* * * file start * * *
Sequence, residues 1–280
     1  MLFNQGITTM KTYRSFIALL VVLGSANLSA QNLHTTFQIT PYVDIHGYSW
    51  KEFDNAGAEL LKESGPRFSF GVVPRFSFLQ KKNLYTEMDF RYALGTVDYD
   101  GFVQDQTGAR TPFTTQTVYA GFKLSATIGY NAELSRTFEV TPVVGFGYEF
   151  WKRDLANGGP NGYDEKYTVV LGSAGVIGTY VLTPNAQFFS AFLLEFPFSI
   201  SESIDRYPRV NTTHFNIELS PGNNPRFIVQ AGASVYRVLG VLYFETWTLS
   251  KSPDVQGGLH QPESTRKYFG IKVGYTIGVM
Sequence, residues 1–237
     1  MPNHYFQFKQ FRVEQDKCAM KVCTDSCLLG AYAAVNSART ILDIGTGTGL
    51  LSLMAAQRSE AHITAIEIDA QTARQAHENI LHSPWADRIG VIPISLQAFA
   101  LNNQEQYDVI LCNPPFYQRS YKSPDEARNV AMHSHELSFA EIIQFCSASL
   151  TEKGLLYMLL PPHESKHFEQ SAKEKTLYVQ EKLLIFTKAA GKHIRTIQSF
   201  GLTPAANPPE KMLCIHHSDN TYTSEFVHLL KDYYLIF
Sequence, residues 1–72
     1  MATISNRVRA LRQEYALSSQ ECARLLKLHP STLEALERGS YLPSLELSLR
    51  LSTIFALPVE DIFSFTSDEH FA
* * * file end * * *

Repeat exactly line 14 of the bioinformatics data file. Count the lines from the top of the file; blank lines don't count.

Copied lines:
Sequence, residues 1–72